Eminent Domain Controversies Continue
By George Anderson
When the Supreme Court ruled by a five to four margin last year that local governments had the right to invoke eminent domain for the purpose of clearing space for retail development, there were many who thought the justices got it wrong.
Now, the city of Hercules, Cal. is considering the use of eminent domain to keep a retailer, in this case Wal-Mart, out. If the city decides to enforce eminent domain it would be using the statute to seize 17 acres of land where the retailer intends to build a store and shopping center.
Jeffra Cook, a Hercules resident since 1988, told The Associated Press why she favors the city taking steps to keep the retailer out of the community. “We want something good to take that place,” she said. “There aren’t a lot of good stories about Wal-Mart.”
City Councilor Charleen Raines said she does not remember any issue receiving such interest from the members of the community.
For its part, Wal-Mart accused the city of “playing politics” over the issue of the company building a store and a spokesperson for the retailer, Kevin Loscotoff said, “We’ve attempted to meet with the city and haven’t been given return phone calls or e-mails. In a case like this you’d certainly hope to have some sort of dialogue.”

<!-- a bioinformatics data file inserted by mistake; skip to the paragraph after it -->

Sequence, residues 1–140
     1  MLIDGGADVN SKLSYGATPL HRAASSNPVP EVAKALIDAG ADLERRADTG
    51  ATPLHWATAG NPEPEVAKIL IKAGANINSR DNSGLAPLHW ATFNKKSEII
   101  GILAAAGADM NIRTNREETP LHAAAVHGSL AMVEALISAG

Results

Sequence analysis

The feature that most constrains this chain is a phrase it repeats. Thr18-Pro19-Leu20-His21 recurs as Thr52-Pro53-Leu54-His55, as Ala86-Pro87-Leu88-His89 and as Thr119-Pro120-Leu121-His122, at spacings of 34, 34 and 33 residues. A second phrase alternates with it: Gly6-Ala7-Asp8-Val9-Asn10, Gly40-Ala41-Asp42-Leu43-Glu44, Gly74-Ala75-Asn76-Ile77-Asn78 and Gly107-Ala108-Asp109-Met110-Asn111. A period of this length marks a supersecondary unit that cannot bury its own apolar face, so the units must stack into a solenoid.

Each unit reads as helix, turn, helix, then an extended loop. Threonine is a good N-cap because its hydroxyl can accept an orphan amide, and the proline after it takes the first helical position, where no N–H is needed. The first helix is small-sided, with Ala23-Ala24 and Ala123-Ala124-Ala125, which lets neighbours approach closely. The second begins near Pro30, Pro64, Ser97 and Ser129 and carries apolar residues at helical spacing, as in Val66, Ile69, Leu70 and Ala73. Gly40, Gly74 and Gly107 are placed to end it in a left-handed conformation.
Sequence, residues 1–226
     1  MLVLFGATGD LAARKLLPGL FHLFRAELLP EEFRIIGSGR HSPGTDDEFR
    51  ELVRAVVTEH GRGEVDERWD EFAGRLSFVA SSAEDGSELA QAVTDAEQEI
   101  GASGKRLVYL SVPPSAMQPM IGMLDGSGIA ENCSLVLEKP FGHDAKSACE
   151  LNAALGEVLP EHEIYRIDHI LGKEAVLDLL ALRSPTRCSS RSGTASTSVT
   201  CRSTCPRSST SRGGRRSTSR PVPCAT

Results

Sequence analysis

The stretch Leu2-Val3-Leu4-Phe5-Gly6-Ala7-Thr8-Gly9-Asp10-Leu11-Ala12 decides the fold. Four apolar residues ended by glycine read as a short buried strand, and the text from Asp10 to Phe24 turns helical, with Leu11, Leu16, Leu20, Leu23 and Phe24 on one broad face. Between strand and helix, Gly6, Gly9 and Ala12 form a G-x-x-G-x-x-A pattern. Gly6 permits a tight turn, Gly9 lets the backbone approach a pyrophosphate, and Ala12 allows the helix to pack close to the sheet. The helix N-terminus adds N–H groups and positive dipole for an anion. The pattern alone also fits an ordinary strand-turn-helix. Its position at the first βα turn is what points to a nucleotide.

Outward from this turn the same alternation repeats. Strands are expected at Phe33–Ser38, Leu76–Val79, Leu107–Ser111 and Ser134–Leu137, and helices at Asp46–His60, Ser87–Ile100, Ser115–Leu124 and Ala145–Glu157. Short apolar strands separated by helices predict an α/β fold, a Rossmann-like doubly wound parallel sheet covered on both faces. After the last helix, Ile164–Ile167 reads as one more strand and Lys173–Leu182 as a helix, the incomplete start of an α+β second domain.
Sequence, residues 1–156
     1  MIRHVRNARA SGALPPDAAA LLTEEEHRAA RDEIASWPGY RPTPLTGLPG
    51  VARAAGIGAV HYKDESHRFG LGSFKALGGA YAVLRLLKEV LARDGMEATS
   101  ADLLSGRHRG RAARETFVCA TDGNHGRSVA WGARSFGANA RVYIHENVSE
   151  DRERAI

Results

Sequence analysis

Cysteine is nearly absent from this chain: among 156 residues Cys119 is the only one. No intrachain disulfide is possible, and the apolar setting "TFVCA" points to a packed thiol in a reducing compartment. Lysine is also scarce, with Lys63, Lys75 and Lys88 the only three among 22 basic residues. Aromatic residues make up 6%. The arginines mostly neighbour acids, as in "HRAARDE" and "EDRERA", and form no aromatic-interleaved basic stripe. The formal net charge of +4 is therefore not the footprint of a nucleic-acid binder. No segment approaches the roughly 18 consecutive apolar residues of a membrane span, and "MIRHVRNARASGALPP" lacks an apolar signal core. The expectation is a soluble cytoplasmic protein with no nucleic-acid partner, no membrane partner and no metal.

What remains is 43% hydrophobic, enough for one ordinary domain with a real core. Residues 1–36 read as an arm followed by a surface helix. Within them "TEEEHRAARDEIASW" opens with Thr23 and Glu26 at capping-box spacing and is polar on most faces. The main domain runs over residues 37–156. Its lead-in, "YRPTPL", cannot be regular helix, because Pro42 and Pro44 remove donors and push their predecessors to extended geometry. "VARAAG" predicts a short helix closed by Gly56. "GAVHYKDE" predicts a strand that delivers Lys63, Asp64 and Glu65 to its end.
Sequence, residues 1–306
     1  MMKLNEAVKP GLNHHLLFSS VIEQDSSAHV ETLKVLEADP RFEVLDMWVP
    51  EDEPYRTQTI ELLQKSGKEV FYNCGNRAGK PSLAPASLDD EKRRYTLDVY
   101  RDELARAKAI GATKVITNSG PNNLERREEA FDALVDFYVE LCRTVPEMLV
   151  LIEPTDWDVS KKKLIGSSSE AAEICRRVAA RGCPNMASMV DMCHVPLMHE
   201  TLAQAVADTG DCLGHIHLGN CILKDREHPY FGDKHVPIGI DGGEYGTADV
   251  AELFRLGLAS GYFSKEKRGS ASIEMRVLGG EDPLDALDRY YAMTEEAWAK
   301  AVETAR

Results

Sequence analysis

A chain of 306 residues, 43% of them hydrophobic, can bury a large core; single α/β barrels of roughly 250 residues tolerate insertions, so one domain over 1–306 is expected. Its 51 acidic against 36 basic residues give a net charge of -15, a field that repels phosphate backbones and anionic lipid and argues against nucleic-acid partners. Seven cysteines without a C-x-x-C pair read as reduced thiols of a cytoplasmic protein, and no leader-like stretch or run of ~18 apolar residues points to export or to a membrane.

Mr. Loscotoff said Wal-Mart intends to continue pursuing the Hercules project.
Moderator’s Comment: Do you oppose communities using eminent domain to make room for retail development? What about using the statute to prevent a retailer
from building? As a retailer, how do you deal with the issue of attempting to move into a community when a large number of residents are opposed to your building a store?
– George Anderson – Moderator